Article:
Was there ever a more oxymoronic nominative concept than the ‘Bentley Continental’?

Sure, it’s a GT. At some point over the previous century, the idea that a touring vehicle could and should be ‘grand’ became accepted orthodoxy. And, if you wanted to tour away from British shores, short of emigrating to the New World, you were obliged to do so on what we came to call the Continent. Travelling long distance in style has always been a corner-stone of the upper classes. Exploration, adventure, erudition – these were concepts at the very heart of the 18th Century Grand Tour that transported the brightest sons of England’s sturdy bloodlines and, by exposure to the Classical and the Renaissance, turned them into cultured Gentlemen.

Yet here I am, in 2012, a Brit in the most British of marques, pedal to the metal through a Europe that we really don’t trust anymore. Outside, gawping French people stare back at us, projecting their own brand of animosity. ‘Look at them, in their rancidly class-conscious super tank! Are they aristocrats, dancing on the tears of their peasants? Or worse, NON! Football hooligans! In a stolen car! Here for ‘le binge drinking’!?’

Up yours, Delors. We’re both. Well, we’re neither, but since France don’t make supercars (that’s what killing your monarchy does for you, you traitorous republican scum) we may as well enjoy the the air of superiority and intimidation the car offers. Perfectly cocooned in a luxuriant suite of leather-upholstered fair play and even-tempered decency.

The Bentley Continental GTC W12 is an imposing machine, with a beauty and style rarely found in cars made on our side of the channel. Though owned by German Volkswagen, the British craftsmanship is apparent throughout. That always surreal 4am drive through London, passing the imminent walk-of-shamers, is made serene as I glide towards the Channel Tunnel, gearing up to mark my announcement on French soil with 567bhp of pure British muscle.

It really is enough to make you secretly curse these days of lily-livered collaboration and fraternity. This car makes you wish you were sending missives to King Henry at Agincourt or racing to hold the line at Waterloo. Each clarion bark from those twelve cylinders/canons blows more jingoistic zeal up my spine, even if it is being caressed by the delicious special warm air vent around my neck. This means even if I am man enough to brave the stench of cheese with the hand-stitched top down, I can go through all 7 forward gears and never feel a chill. Northern France is blissfully empty and since it’s next stop Antibes, I see no reason to take the scenic route. Anyway – the areas of beauty I’m interested in are all centred around Crewe and the lovely people who built the cockpit that myself and my lithe love now recline in.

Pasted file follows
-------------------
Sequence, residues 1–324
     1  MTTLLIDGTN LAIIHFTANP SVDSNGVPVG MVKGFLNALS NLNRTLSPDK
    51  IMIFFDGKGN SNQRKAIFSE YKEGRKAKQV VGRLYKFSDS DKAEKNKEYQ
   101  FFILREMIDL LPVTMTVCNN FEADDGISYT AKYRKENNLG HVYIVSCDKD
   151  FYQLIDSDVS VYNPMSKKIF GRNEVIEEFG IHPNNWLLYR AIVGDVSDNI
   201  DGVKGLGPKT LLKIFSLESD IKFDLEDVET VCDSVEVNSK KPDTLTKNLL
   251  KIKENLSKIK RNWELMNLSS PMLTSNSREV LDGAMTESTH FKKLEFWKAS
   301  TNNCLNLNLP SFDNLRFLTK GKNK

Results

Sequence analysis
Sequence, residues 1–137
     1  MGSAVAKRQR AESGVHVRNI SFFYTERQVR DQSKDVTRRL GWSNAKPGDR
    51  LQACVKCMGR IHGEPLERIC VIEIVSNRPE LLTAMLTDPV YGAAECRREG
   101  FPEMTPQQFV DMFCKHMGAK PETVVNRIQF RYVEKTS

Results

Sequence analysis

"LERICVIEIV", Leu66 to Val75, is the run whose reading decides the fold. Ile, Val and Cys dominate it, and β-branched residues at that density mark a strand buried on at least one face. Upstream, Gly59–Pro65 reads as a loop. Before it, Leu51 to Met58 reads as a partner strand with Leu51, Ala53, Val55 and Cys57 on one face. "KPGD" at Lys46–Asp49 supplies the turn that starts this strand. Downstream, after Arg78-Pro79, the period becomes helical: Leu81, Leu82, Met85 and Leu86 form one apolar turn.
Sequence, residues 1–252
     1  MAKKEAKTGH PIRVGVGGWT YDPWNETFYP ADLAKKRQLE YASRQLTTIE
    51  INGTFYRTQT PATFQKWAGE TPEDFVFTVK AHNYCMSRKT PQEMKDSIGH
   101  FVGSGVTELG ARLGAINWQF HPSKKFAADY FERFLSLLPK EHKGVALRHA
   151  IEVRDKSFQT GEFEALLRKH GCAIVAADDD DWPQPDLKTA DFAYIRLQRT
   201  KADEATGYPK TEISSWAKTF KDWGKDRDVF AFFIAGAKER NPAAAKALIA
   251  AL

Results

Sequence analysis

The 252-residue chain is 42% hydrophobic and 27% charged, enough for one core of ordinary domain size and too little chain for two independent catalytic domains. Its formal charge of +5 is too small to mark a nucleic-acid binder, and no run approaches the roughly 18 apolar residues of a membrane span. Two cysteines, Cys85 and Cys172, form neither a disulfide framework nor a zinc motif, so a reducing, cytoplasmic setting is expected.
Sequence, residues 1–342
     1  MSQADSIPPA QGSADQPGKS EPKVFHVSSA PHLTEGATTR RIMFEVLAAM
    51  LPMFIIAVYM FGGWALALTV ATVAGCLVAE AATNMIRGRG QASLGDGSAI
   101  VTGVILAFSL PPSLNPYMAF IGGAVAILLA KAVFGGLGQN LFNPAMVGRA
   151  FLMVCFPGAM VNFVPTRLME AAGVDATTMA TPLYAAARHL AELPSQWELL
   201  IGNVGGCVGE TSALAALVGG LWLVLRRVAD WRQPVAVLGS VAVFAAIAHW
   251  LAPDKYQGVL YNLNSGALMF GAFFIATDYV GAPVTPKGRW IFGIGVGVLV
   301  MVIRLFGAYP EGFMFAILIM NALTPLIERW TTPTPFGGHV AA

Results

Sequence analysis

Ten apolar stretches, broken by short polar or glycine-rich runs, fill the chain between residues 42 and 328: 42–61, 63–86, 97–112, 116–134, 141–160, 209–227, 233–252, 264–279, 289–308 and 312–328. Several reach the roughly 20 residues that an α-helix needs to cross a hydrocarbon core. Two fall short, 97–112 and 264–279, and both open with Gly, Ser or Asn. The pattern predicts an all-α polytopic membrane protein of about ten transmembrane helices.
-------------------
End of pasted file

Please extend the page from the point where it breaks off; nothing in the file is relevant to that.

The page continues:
A higher class of highly polished veneer, soft leather surfaces and solid metal you’d be hard pushed to find outside of the Chateaus we keep passing at speed. Because this is a Bentley, the speaker grilles, seat belts, seat belt clips and even rear view mirror are all matched to the creamy interior. My only complaint is that because I’m conscientious, I don’t get to eat my stupidly-superior-no-seriously-how-do-they-even-do-that-we-should-emigrate Moto services ham baguette with the cruise control on, lest I dribble on the hide.

There’s been a lot of stitching and buffing to make my cockpit a place I’ll never want to leave. The moments I have to – for non-executive relief, etc – I resent the real world, with its standing up, moving through just leg power and cold natural breezes.

How does it handle? I don’t know. I pointed it south at Calais and went ‘avant’.

When we stop for fuel, there is a distinct sense of occasion on the forecourts.

It doesn’t hurt that our particular carriage is painted in Champagne – or a fizzing, lustrous silvery gold that should probably be so named. The French like the car but they don’t want to admit it. So they repress their desire to drop to their knees and surrender/give me back Calais, choosing to pout a bit and scan the car before going back to ignoring us. But I know… It is surprising how long you can go on an empty tank trying to recall French lessons, specifically “have you got any petrol”. This is working on the theory, of course, that every local Frenchman wouldn’t rush to the assistance of two Brits in a Bentley Continental GTC broken down in deepest Provence.

Finally, the lure of country roads and men on bicycles with onions around their necks is too powerful. Even here, the Beast is nimble and light. The twin Vs ahead of me and the four driving wheels under me are as adept at windy-bendy as wide-cruisy.

The gear shift on the column just paddles through like a knife through unsalted butter, but is equally happy sitting in cruise, which is just as well, as the amount of lane switching and breaking without warning I’m subjected to means I need my limbs free.

Finally, the air warms up and we smell that glorious smell – pure Côte d’Azur.

Reaching the Promenade Amiral de Grasse, skimming the marina and whisking my better half for a quick crustaceacanal detour, before an afternoon at the Musee Picasso, I conclude two things: having driven 750 miles, I feel as fresh as had I flown into Nice, possibly more so. Secondly, the GT offered me what the original Grand Tourists got. Time to reflect and time to digest all that had been learnt along the way. I, like them, am a better person for the experience. Now, time to get sunburnt and rowdy…